mobile was defective and would render it a dangerous instrumentality unfit for safe use by the plaintiff; (e) in turning over to the plaintiff for use upon the highways an automobile which was not equipped with efficient and serviceable brakes, in violation of a statute of the State of Georgia, Code 68-302, and by failing to inform the plaintiff of that fact. These acts of negligence constitute the direct and proximate cause of the injuries and damages, in the amount of $1,190, to the plaintiff and his automobile.
Chrysler Corporation filed to the petition as finally amended general and special demurrers, which were all overruled, and it has brought the present writ of error to have that judgment reviewed.
1. No legal or contractual relationship is alleged to exist, or to have existed, between Chrysler Corporation and Lander Motors, Incorporated. No contractual relationship is alleged to exist, or to have existed, between Chrysler Corporation and the plaintiff. All that appears from the allegations of the petition is that Lander Motors, Incorporated, took no part in the manufacture of the automobile, and Chrysler Corporation took no part in the sale of the automobile, and that whatever duty Chrysler Corporation owed to the plaintiff as purchaser of the automobile, it was not a contractual duty. We think, however, that, though it is not so alleged--as it should have been in compliance with the rules of good pleading--we may assume that Lander Motors, Incorporated, the seller, purchased the automobile from Chrysler Corporation, the manufacturers, for the purpose of resale. Under these circumstances, Chrysler Corporation owed the plaintiff purchased only the duty to exercise ordinary care to manufacture the automobile carefully. Without giving a history of the origins of the rule establishing such a duty on the manufacturers of automobiles--a good account of that is to be found in MacPherson v. Buick Motor Co., 217 N.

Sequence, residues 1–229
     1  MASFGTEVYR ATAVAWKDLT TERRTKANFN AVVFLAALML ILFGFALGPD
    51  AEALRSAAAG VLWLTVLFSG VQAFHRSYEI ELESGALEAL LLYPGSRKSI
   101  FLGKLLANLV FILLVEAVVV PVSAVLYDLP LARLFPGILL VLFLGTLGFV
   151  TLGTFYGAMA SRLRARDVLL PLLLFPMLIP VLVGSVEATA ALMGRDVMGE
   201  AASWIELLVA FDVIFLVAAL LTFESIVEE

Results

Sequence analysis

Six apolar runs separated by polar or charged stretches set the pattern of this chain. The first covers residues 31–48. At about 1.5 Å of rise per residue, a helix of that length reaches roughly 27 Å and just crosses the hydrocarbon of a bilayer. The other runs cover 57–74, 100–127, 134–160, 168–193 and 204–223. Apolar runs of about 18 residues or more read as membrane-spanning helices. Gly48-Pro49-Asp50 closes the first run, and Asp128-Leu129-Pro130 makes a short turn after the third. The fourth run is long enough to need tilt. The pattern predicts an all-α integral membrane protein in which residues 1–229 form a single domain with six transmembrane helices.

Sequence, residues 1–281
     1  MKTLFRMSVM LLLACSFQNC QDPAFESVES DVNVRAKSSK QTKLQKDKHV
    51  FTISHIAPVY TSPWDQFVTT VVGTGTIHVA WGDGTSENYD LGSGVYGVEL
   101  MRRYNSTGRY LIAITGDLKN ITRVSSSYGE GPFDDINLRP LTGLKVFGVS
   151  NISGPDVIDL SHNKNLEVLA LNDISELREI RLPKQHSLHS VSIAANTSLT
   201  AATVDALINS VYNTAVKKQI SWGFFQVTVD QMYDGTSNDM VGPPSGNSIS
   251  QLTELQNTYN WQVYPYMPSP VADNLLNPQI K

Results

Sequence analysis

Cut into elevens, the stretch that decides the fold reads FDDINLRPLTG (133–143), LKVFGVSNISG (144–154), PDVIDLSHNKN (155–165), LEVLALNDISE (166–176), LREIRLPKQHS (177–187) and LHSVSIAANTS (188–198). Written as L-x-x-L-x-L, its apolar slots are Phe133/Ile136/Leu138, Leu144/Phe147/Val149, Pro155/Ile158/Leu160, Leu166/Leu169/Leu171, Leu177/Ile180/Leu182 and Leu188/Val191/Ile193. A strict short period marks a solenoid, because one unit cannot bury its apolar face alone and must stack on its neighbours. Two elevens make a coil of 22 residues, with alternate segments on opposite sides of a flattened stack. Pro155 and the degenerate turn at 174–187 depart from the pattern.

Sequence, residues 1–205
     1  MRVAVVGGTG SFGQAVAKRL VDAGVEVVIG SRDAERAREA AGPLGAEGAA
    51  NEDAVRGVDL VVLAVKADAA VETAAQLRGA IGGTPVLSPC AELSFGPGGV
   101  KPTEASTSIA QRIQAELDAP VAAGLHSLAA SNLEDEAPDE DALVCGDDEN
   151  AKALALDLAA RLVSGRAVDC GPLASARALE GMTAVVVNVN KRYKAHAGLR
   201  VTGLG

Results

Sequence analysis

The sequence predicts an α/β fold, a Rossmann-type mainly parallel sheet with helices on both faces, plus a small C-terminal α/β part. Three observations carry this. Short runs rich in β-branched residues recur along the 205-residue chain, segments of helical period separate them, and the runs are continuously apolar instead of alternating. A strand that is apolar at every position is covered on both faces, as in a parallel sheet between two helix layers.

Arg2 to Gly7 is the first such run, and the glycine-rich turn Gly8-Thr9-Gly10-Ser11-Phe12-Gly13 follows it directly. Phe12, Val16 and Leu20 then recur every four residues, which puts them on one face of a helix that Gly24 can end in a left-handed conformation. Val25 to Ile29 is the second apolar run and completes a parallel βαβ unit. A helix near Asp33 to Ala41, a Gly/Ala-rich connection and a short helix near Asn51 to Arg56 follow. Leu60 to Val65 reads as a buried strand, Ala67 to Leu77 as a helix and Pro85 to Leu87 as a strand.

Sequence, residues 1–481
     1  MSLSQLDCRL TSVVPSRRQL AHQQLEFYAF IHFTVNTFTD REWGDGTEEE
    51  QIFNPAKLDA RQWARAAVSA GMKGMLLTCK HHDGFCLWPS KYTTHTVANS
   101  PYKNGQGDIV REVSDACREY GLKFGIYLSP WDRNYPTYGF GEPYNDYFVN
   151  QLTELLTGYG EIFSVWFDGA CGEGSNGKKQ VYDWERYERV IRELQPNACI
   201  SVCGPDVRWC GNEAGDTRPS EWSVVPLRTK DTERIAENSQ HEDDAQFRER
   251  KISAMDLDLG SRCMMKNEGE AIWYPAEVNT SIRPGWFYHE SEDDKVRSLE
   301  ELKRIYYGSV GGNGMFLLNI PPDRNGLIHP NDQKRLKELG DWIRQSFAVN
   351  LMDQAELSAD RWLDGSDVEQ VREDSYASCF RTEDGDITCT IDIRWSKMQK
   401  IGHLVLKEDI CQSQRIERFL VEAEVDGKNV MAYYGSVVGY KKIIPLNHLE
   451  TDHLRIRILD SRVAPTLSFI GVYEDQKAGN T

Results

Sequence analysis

App]. APRIL TERM, 1955. 113
Y. 382 (111 N. E. 1050)--we think that we may safely say without fear of contradiction that in most jurisdictions it is now generally recognized that "the manufacturer of an automobile, the nature of which gives warning of probable danger if its construction is defective, who sells it to a dealer for the purpose of resale, is liable to a purchaser of the car from the dealer for its failure to exercise ordinary care in inspecting the wheels, brakes, or other parts of the machine, resulting in injury to such a customer." Blashfield, Cyclopedia of Automobile Law and Practice (Perm. ed.), Vol. 7, 371, 4812, and cases there cited under note 11. See also, in this connection, J. C. Lewis Motor Co. v. Williams, 85 Ga. App. 538
(69 S. E. 2d 816); Moody v. Martin Motor Co., 76 Ga. App. 456
(46 S. E. 2d 197). By necessary implication this rule means that the defect must be one of construction which the manufacturer by exercising ordinary care could discover by proper inspection before the automobile leaves his hands.